New service for used models - Two dealers consider vehicle's history
While Automotives reported the reluctance of new-car dealers to service second-hand imports last week, not all of them shy away from doing repairs to your JDM or grey market import.
But don't expect them to work magic.
If there is a problem with the vehicle, at least two dealers will give a listening ear and work with the JDM owner as far as they can to find a solution. Kingston Industrial Garage (KIG), agents for Subaru and Ford, say they will take a look to see what they can do. Customer Service Manager Ryan Davis said KIG wants to know as much as they can before going ahead.
"We, at least, want to have a brief history of the car so that we can get a clearer picture about what may need to be done. Our representatives work with the customer and then liaise with our experts, and we make a determination of the best way forward," Davis said
Honda motor vehicles rank second to the Toyota line on the Jamaican market. ATL Automotive is keen to take a look whether a car is JDM or coming from the grey market. They will try hard to please the customer, but there are no guarantees. Head of Business Samuel 'Sam' McKenzie says the first thing that ATL does is to run a check on the vehicle's vital numbers.
"Any vehicle that has never been serviced by us, by way of the chassis number, we will know. Once it is a vehicle that has never been serviced by us, we know that is a vehicle that we have never sold. The customer then has to sign a log to say 'we know that it is a JDM car or a grey market car' and we let them know that we have no guarantees for this car. We can do the diagnostics, tell you what is wrong, and if you want us to do the repairs and the parts are provided, we will do the best we can," McKenzie said.
For both KIG and ATL, it is a question of representing their brands while taking caution. McKenzie portrays it as a matter of enlightened self-interest mixed with a public good.
"We represent the Honda brand here locally, wherever that car comes from and, as such, that is why we will try to help. It is not only a question of our reputation from a brand standpoint, but also customer satisfaction and, more importantly, public safety, because every Honda that takes to the Jamaican roads must be of a certain quality," McKenzie said.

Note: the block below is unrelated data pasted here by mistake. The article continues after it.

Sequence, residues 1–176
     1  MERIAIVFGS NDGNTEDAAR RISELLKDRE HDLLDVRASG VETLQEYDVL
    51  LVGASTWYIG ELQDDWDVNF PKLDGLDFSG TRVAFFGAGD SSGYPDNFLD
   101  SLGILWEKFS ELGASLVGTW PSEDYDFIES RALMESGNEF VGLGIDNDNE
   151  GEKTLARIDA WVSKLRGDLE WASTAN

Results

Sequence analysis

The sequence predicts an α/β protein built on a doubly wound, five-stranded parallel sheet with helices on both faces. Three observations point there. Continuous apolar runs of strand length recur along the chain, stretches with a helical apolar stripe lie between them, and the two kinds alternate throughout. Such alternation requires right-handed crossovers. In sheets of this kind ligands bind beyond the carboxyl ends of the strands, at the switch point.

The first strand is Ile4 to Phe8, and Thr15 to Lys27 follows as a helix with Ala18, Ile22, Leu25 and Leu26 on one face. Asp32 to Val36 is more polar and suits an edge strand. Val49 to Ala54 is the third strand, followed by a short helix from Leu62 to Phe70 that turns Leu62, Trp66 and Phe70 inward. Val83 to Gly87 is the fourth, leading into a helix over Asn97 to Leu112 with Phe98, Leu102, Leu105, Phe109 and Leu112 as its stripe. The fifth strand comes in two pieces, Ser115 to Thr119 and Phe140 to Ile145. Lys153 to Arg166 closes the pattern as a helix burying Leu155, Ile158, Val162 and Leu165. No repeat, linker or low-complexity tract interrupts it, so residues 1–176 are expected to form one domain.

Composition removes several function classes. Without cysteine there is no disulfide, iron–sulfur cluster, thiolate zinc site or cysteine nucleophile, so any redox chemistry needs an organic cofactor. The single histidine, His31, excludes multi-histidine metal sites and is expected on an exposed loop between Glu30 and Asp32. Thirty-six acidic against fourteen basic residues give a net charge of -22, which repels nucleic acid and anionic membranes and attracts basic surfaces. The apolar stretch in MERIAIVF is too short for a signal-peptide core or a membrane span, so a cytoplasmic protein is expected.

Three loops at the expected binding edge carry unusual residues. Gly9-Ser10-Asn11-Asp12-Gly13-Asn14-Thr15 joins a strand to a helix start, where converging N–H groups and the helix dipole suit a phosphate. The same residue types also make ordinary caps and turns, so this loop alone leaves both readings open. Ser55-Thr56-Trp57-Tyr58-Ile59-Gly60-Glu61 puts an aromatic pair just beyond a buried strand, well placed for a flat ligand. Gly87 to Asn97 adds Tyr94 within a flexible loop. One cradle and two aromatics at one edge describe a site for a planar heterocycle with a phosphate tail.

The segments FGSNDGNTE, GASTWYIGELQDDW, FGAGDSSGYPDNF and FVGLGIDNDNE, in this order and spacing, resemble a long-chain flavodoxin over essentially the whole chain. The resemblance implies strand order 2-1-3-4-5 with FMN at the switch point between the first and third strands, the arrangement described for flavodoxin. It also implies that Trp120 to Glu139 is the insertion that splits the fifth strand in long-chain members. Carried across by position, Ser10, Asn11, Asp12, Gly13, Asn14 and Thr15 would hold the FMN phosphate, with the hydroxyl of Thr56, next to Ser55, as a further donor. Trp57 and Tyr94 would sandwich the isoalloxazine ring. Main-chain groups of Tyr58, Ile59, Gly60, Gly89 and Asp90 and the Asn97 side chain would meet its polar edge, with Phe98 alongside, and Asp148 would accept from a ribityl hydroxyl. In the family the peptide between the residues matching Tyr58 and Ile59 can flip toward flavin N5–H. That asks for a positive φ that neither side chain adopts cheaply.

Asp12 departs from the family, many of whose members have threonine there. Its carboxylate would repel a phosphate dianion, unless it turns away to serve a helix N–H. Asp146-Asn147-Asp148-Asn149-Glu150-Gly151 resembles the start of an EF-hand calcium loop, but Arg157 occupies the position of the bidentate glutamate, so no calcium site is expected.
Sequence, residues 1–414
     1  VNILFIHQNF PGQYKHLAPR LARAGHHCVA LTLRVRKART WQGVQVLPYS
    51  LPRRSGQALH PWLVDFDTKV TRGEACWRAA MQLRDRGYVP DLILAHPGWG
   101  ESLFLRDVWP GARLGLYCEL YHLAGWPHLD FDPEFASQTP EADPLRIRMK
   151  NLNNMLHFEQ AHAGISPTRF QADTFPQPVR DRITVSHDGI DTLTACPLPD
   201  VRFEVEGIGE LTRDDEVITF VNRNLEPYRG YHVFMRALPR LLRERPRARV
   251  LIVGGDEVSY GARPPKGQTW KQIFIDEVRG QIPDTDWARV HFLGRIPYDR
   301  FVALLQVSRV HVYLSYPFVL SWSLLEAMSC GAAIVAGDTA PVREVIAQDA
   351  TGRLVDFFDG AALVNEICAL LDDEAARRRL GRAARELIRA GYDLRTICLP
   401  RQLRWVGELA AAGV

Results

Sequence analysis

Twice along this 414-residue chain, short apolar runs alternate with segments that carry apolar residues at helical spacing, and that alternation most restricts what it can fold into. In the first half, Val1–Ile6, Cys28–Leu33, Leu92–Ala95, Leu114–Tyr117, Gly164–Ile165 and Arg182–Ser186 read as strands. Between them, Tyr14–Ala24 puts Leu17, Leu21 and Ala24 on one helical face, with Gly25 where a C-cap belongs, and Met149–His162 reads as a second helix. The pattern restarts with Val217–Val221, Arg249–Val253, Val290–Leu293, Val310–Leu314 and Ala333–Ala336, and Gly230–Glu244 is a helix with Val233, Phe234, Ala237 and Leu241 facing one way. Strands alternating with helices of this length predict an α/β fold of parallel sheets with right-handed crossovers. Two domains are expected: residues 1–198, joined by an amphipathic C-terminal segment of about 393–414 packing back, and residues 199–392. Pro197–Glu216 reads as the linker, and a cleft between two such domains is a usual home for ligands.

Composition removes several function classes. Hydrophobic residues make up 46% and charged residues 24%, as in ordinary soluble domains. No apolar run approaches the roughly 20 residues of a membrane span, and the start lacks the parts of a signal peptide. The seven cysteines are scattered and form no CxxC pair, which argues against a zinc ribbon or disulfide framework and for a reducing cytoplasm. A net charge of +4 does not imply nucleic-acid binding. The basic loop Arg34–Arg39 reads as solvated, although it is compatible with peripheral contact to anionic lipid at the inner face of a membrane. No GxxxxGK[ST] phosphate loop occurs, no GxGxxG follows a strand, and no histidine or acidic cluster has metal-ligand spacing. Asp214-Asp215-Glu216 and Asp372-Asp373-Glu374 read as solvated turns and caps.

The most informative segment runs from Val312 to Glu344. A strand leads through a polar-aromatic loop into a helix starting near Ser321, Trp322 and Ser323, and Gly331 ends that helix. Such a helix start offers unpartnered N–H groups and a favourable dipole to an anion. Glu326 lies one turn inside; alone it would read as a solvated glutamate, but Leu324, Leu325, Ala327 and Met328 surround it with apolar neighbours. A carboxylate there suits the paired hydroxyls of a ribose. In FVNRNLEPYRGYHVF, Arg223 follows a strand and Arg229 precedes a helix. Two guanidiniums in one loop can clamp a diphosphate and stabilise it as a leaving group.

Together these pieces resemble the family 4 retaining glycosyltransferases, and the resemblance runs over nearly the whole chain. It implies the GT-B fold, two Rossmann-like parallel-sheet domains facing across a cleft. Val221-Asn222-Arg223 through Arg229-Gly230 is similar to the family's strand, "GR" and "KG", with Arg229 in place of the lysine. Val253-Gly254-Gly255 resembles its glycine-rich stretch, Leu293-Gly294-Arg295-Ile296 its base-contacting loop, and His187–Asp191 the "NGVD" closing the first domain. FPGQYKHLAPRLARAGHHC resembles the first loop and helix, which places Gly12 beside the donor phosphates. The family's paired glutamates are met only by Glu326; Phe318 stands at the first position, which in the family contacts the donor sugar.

At the same time, ATL Service Manager Steve Chin says customers must do their due diligence and be prepared for the realities.
"We do repairs to them (second-hand imports), but if a vehicle is waterlogged, we can refuse repairs since those vehicles were originally written off. There are also those that have been in accidents overseas and have been written off. We can't guarantee repairs on those either," Chin said.
At KIG, despite the accommodation, there is a point where they are wary of going further, especially if the vehicle's history does not paint a rosy picture. Davis says a vehicle that suffered from bad servicing elsewhere may mean trouble going forward.
"There are some jobs where, when we look into the history, we realise that fundamental mistakes were made at some point that would open up other problems. In those instances, we are careful because we have a service reputation to protect. We would respectfully decline that job," he said.
Meanwhile, president of the Jamaica Used Car Dealers Association (JUCDA) Lynvalle Hamilton points to the value proposition that buying a used vehicle offers. Hamilton believes that the wider range and lower price points cater to real needs and asserts that JUCDA "members are mainly committed to providing affordable, reliable used vehicles for the public." There are indications that many used-car dealers offer after-sales service for their customers who operate outside of the six-month warranty offered.